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The 'Spiral Jetty' Re-Emerges from Great Salt Lake

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The 'Spiral Jetty' Re-Emerges from Great Salt Lake

Art & Design

The 'Spiral Jetty' Re-Emerges from Great Salt Lake

The 'Spiral Jetty' Re-Emerges from Great Salt Lake

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  • <iframe src="https://www.npr.org/player/embed/4464074/4464075" width="100%" height="290" frameborder="0" scrolling="no" title="NPR embedded audio player">

Aerial view of "Spiral Jetty" at Rozel Point, a 1,500-foot long, 15-foot wide jetty created with mud and rocks. George Steinmetz/DIA Center for the Arts hide caption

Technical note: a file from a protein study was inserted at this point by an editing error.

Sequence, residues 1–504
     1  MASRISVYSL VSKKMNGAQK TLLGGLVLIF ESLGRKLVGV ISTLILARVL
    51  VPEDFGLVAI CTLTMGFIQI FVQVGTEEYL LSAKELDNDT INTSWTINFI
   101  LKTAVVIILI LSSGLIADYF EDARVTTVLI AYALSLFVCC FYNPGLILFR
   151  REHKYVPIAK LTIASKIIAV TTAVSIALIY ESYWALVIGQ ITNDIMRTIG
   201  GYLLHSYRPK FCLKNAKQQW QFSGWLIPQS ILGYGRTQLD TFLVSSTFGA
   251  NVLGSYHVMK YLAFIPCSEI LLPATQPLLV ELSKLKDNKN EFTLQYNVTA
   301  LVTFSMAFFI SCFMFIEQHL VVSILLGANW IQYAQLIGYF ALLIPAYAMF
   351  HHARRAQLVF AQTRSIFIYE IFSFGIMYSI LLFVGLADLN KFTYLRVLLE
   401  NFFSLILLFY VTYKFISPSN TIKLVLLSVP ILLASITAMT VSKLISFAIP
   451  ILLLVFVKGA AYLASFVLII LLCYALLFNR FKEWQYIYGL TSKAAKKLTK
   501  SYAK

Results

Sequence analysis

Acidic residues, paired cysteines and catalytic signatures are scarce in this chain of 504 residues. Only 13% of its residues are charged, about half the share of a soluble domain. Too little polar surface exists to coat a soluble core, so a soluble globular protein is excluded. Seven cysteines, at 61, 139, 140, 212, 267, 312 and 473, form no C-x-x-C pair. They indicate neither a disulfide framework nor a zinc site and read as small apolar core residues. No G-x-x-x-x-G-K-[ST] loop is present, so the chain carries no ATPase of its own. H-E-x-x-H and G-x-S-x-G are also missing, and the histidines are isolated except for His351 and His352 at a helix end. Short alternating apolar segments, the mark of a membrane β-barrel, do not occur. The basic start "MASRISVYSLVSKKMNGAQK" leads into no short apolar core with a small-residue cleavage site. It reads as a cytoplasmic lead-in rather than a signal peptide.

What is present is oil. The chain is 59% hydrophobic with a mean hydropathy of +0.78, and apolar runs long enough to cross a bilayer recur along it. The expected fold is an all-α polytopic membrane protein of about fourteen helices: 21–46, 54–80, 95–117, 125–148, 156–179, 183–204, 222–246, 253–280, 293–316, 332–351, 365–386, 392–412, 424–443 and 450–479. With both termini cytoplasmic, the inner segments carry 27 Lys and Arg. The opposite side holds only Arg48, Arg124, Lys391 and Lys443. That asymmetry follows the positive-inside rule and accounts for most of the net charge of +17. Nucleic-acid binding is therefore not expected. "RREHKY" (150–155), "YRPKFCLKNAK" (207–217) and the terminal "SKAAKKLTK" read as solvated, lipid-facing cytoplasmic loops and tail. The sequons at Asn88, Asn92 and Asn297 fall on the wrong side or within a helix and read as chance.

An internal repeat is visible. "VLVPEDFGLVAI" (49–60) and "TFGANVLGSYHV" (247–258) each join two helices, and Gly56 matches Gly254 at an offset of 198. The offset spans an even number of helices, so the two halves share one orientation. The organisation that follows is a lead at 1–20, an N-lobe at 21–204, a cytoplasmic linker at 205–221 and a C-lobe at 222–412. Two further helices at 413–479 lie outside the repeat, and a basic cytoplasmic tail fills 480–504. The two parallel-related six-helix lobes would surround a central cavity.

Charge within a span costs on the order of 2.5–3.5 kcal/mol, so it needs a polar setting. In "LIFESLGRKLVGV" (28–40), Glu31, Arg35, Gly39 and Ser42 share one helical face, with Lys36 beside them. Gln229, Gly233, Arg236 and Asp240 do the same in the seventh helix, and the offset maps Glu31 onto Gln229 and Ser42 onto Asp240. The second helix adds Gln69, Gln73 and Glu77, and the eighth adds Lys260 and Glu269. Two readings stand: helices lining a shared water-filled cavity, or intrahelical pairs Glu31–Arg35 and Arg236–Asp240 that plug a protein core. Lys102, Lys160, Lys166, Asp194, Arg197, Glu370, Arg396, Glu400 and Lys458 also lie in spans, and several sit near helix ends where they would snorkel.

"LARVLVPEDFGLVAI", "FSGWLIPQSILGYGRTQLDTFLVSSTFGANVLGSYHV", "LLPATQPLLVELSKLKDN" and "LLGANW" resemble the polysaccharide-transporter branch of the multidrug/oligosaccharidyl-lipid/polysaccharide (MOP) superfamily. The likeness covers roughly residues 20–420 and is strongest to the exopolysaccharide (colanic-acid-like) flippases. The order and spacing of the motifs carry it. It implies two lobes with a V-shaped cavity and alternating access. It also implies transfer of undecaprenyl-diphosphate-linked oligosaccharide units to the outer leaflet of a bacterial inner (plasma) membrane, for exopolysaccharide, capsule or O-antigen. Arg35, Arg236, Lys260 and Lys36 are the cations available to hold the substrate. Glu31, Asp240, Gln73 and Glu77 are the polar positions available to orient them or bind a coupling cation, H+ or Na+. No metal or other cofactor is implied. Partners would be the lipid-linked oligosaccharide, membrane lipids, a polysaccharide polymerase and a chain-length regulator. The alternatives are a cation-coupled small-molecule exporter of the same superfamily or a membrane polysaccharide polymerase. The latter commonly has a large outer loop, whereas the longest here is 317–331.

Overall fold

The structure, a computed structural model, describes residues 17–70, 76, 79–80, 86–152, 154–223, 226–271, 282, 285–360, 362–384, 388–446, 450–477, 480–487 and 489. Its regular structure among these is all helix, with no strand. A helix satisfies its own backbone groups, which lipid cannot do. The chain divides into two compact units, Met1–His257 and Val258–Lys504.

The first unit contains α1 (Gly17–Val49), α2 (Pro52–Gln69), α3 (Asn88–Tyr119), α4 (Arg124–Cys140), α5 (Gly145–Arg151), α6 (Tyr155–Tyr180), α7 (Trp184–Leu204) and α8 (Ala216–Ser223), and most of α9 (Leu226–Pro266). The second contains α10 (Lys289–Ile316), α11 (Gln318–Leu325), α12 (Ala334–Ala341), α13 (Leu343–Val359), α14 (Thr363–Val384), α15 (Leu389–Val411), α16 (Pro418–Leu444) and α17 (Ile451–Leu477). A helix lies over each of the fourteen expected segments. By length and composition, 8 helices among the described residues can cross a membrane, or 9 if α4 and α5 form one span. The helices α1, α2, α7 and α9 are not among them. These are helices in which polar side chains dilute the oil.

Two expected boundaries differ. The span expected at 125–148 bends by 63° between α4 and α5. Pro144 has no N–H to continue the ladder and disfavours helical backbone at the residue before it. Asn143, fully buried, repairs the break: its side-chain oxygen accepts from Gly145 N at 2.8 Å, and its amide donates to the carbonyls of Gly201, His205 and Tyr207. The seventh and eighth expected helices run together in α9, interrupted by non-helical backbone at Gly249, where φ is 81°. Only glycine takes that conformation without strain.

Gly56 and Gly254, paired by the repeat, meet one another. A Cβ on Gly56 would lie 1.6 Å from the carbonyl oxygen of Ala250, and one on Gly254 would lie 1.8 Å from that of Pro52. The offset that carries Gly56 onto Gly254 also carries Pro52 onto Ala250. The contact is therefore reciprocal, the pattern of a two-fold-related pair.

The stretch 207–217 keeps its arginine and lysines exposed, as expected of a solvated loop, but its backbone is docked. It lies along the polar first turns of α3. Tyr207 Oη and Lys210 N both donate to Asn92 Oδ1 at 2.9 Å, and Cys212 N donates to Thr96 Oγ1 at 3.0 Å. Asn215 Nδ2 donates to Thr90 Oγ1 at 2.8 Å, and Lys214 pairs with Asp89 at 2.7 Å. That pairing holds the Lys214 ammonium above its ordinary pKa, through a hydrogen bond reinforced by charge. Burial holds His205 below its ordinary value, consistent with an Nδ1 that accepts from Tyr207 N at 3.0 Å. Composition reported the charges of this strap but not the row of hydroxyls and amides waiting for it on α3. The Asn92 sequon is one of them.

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George Steinmetz/DIA Center for the Arts

Aerial view of "Spiral Jetty" at Rozel Point, a 1,500-foot long, 15-foot wide jetty created with mud and rocks.

George Steinmetz/DIA Center for the Arts

Reporter James Nelson tells the story of Robert Smithson's "Spiral Jetty," a 30-year-old piece of so-called "earth art" that has re-emerged from the bed of Utah's Great Salt Lake.

The jetty disappeared under the rising lake waters soon after it was created — but with much of the western United States experiencing a drought, the Great Salt Lake has receded and the art is once again above water.